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Quasi modo

Easter 1 BCP

30 March 2008 11:00 | Fr. Roderick Leece

Continuing the French theme of this last week, when many of us were utterly bewitched beguiled and enchanted by Carla Bruni Sarkozy – the attractive and stylish end of the market you might say – today this low Sunday in France is called la Quasimodo. It was on this Sunday after Easter that a baby was found abandoned and given the same name in Victor Hugo’s Notre Dame de Paris. The hunch-back bell-ringer – possibly the unattractive end of the market – was so called after the ancient introit from the first letter of St. Peter. Quasimodo geniti infants Even as new-born babes long for the pure spiritual milk that by it you may grow up to salvation;

When Saint Paul said he had given milk, not solid food, to the church at Corinth, it was a rebuke. But reference to milk here points to babe-like innocence which is the effect of grace on the newly baptised. We celebrate this new life when little Ella Rose will be given new birth in holy baptism later on today.

Victor Hugo’s Quasimodo of course lived in the bell tower and only left Notre Dame Cathedral on two occasions. His life was lived mostly in a very confined and closed in space.

Opening up closed rooms is an essential component in the Easter story. There was first the closed tomb where the stone was rolled away. Then the doors of the upper room, the cenacle, were closed for fear of the Jews. The gifts the risen Lord brings are peace and forgiveness…no reproach or resentment. Human minds and hearts can be like closed tombs that harbour fear and uncertainty. Closed doors need to be opened up. And it is the presence of God - experienced as peace - that brings the confidence to open up.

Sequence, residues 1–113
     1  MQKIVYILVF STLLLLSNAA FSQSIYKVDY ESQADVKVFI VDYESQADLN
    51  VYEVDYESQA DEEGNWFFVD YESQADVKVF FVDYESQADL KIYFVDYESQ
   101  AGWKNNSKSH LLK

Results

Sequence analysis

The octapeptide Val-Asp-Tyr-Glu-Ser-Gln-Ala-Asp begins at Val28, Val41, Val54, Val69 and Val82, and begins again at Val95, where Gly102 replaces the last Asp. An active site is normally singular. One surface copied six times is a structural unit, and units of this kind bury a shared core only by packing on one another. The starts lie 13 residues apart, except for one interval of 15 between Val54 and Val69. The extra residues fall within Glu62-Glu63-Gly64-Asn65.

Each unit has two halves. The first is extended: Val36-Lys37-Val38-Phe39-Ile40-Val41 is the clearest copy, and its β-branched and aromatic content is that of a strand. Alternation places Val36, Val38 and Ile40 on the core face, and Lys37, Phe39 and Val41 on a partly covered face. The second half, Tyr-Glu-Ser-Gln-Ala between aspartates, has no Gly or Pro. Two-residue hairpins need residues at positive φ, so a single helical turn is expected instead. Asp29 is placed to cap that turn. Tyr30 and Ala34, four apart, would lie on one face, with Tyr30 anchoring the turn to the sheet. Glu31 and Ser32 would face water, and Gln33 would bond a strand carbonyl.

The deep peace of Christ immediately banishes fear. Peace puts an end to anger about the present, and also anxiety about the future, and is a reassurance of God’s love and friendship. But with peace and forgiveness Jesus commands a response: do not be content with being mere converts…but become apostles. All are called and sent as apostles to share God’s peace and forgiveness and proclaim the truth of Christ risen and glorified.

Neither does the Lord hide his wounds. He shewed unto them his hands and his side. Quasimodo was born with extreme physical deformities…not least a hunch-back, and Hugo also describes a huge wart that covers his right eye. He hid from people’s sight for fear of repelling them.

I was very touched by the tragic story of Chantal Sebire from Dijon in France who was denied the legal right to die a fortnight ago and who died two days later of an overdose. She appeared on French TV so that all could see her severely disfiguring cancerous facial tumour as she begged for the right to die. She was courageous to be so honest and open.

Most people would wish to hide their wounds – indeed it seems to be a natural response to cut ourselves off from others when we are in pain. I guess this is a reminder that we retain our animal instincts that would hide vulnerability. No one wants a sore spot to be touched. We want it left alone. Whilst this is understandable – we know it is a mistake. We know that it is only by showing our wounds…by touching and being touched that we are healed.

Whenever we experience the presence of the risen Lord we know his peace and we know his forgiveness. This gives confidence to open up the locked doors of fear and guilt to his healing love. He shows his wounds…and though we might try to hide them…he of course already knows about ours. The gift of peace is given again and again, and the command: ‘as the Father has sent me, even so send I you’.
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